New York Giants: Top 6 Seasons in Franchise History That Began with a Loss

Kevin Boilard@@KevinBoilardCorrespondent ISeptember 13, 2012

New York Giants: Top 6 Seasons in Franchise History That Began with a Loss

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    Chin up, Giants fans. The team may have gotten off on the wrong foot with a Week 1 loss to the Dallas Cowboys, but there’s a reason why a full NFL season consists of 16 games.

    The Giants have plenty of time to right the ship. While an early-season divisional loss certainly stings—especially when it’s the opening game against your most hated rival at home—the pain will surely relinquish if New York rattles off a few wins in a row.

    And if history repeats itself at all, the Cowboys' game will quickly become a distant memory. The Giants have had several successful seasons that started off with a loss. Could the 2012 Giants be the next squad to bounce back from a Week 1 defeat?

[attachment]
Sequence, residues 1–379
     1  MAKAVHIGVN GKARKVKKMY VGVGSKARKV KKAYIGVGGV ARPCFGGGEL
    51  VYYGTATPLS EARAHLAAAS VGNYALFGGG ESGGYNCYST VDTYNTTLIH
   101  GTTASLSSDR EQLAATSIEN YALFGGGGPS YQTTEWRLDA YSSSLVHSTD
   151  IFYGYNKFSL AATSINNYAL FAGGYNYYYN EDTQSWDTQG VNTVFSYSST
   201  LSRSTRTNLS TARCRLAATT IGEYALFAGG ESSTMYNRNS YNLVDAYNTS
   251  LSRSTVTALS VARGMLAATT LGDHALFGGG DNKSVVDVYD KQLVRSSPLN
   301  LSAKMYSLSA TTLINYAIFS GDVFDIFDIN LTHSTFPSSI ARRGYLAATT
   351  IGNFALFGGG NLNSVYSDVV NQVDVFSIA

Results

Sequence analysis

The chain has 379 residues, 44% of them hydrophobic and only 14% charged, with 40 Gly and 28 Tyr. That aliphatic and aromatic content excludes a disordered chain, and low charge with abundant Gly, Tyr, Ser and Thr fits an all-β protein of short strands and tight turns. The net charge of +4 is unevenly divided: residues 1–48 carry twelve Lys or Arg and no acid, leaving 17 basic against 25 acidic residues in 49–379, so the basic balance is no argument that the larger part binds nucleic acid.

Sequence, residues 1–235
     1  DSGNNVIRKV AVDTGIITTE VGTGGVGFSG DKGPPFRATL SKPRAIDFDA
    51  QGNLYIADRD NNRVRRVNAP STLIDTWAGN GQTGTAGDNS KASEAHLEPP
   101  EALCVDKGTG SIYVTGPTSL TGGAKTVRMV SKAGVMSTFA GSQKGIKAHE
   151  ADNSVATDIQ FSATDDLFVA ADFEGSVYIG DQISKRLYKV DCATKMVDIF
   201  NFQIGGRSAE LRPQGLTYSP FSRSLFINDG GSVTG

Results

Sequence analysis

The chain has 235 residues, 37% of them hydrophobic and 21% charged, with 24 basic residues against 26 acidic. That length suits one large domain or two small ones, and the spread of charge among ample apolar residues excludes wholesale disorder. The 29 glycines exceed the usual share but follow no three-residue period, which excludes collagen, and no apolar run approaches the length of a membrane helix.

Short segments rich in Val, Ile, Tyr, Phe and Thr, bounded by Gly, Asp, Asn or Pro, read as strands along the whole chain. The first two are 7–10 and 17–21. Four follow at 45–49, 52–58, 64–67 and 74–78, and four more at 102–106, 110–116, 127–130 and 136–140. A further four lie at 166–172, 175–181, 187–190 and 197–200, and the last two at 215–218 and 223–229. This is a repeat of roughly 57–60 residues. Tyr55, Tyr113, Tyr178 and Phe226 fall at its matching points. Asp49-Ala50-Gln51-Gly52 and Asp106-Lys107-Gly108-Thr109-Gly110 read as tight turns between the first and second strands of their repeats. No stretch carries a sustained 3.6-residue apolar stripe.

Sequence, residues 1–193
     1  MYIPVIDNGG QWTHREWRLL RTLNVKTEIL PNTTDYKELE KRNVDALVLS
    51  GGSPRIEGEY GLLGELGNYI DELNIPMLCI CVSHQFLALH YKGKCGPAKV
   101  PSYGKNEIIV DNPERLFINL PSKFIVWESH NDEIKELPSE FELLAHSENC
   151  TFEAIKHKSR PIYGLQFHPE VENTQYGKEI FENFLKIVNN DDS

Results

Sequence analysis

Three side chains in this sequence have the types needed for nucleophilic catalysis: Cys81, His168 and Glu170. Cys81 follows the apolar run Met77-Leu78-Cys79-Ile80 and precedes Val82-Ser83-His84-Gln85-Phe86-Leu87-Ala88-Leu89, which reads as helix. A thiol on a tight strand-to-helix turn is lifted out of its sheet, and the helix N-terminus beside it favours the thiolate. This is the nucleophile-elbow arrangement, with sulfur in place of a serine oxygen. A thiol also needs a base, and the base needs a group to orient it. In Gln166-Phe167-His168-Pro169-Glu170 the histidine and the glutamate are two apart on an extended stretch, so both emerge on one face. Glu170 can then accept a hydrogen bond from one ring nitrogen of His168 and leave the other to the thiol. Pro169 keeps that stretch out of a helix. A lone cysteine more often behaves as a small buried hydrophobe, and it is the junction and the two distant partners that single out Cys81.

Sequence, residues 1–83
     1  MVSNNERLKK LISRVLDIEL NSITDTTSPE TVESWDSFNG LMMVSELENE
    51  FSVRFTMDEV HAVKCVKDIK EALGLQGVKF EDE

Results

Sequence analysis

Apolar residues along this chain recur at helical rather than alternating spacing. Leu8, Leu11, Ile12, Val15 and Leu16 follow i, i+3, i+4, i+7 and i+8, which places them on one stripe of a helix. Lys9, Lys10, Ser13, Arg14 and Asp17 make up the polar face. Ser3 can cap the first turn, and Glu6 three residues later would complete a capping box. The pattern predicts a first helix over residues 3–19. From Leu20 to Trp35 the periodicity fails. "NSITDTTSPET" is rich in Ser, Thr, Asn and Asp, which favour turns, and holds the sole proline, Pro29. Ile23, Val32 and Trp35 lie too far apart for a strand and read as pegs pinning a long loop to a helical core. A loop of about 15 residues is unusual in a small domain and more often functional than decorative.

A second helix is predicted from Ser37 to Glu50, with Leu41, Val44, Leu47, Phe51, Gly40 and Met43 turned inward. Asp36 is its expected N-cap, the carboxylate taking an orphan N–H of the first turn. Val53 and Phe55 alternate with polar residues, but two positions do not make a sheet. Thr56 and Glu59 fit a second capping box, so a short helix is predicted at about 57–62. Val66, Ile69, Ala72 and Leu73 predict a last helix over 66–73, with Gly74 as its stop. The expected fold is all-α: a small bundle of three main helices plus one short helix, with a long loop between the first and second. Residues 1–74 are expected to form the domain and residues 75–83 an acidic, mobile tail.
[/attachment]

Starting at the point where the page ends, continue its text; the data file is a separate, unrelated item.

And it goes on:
This article will list, in chronological order, the six most successful Giants seasons that started with a loss.


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    Way back in 1934, the team’s 10th season, New York rebounded from an opening-game loss to win the franchise’s second NFL championship.

    The ’34 season began with a trip to Detroit. The game was a defensive battle in which New York failed to record a single point. A second-quarter field goal and a fourth-quarter interception return for a touchdown by Father Lumpkin was just enough to propel the Lions to a 9-0 victory.

    The Giants actually lost to the Packers the following week as well. But after starting the season off 0-2, the Giants turned things around with a five-game winning streak before eventually finishing 8-5 in the regular season.

    The Giants, who came in first in the NFL East Division, faced the undefeated Chicago Bears (13-0) in the NFL championship game. The Bears were heavy favorites and held a 10-3 half-time lead on the frozen Polo Grounds.